An Interview with Matthew Richardson, one of the authors of Guaranteed to Fail
What role did Fannie Mae and Freddie Mac play in precipitating the
Fannie and Freddie contributed to the Great Recession through both of the economic functions that they play in mortgage finance. In their portfolio or investment business, they increasingly held high-risk mortgages with very high loan-to-value ratios (and securitized assets backed by such mortgages), especially from 2003 to 2007. In their guarantee business too, they expanded their activities by substantially lowering their underwriting standards. This expansion was financed largely with debt that was implicitly backed by the U.S. government and supported with inadequate capital for the increasing risk of their mortgages and guarantees. Fannie and Freddie’s expansion contributed to the housing price bubble, and the subsequent deflation resulted in massive losses, which had to be backstopped since the two enterprises were too big and too interconnected to fail. As of now, the losses for U.S. taxpayers have accumulated to $150 billion.
Don’t Fannie and Freddie play an important role in making home ownership affordable to people who might otherwise be shut out of owning a home?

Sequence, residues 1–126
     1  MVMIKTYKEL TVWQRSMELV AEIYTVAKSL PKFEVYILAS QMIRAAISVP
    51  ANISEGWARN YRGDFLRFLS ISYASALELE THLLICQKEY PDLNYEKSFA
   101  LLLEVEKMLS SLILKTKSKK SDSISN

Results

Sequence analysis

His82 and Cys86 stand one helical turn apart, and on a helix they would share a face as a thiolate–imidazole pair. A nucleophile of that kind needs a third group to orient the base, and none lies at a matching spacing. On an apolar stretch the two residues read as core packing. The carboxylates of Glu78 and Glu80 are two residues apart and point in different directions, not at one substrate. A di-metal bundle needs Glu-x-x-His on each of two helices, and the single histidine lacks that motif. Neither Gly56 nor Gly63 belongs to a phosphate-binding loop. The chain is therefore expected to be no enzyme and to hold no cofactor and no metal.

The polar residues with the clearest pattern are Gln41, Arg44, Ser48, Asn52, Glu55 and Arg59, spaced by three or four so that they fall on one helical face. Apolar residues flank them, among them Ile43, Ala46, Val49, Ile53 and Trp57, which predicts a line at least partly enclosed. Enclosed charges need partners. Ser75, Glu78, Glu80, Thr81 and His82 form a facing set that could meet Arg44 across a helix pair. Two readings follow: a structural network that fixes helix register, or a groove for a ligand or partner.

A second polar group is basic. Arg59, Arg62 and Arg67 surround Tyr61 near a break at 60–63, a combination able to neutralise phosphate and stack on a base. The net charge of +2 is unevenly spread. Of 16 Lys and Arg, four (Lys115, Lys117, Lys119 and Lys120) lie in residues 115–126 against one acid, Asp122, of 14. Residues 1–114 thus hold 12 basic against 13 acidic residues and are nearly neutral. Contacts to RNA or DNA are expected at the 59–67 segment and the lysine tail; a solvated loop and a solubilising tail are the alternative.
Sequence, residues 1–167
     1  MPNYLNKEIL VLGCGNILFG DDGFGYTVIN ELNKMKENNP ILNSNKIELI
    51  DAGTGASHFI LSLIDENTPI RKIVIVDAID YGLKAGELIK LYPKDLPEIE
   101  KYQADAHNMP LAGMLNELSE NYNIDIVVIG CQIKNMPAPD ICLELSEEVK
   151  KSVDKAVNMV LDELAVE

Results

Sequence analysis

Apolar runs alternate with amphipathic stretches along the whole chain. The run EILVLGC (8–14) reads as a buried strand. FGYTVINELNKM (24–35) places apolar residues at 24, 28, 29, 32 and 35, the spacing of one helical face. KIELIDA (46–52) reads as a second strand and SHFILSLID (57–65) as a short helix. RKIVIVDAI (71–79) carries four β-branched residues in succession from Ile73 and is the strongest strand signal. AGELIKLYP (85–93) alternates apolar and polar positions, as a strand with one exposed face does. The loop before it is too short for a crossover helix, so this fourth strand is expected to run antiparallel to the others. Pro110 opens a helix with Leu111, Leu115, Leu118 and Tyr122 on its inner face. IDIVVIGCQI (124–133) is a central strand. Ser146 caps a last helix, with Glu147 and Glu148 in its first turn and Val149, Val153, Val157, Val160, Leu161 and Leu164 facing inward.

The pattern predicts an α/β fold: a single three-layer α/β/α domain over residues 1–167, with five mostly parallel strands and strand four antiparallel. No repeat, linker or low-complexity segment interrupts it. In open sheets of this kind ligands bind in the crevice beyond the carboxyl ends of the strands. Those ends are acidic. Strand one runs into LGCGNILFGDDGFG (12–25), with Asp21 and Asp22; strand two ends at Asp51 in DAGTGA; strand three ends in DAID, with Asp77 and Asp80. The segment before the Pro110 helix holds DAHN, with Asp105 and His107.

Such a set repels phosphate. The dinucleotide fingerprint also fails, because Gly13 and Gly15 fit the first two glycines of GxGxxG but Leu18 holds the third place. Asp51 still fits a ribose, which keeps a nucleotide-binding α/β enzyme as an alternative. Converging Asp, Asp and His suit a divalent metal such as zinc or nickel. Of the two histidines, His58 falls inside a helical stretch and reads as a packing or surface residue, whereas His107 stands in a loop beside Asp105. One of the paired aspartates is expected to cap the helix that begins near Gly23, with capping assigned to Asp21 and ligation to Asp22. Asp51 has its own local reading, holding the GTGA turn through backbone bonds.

There is little evidence that Fannie and Freddie increased U.S. home ownership rates. Their primary effect has been to lower mortgage rates across the board, from which high-income households profited disproportionately. Internationally, countries that do not have Fannie and Freddie equivalents— and even have restrictions on the minimum quality of mortgages, such as a maximum loan-to-value ratio—exhibit home ownership rates similar to those in the United States.
Why has it been so difficult to reform Fannie and Freddie?
Fannie and Freddie have been a political football, tossed between the left and the right of American politics. They were the key tool for successive administrations to fight rising income inequality. During the recession, they were used to prop up the housing market and modify mortgages. Fannie and Freddie’s activities, while enjoying the implicit and later explicit support of the government, were never explicitly recognized on the government’s balance sheet. Absent such recognition, their enormous growth has allowed each successive government—under the ostensible purpose of supporting home ownership—to indirectly support housing-related borrowing and spending by households. Due to the unsustainable nature of such borrowing and spending, the housing markets have collapsed, and the costs have now materialized as the government honors the guarantees to Fannie and Freddie.
If policymakers could implement only one of your suggestions, which one should that be?
That would be to close Fannie and Freddie in the long run, starting with shutting down their portfolio or investment operation. There is no room for a government-sponsored multi-trillion-dollar hedge fund that is allowed to bet against economic catastrophes.
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File created: 10/13/2010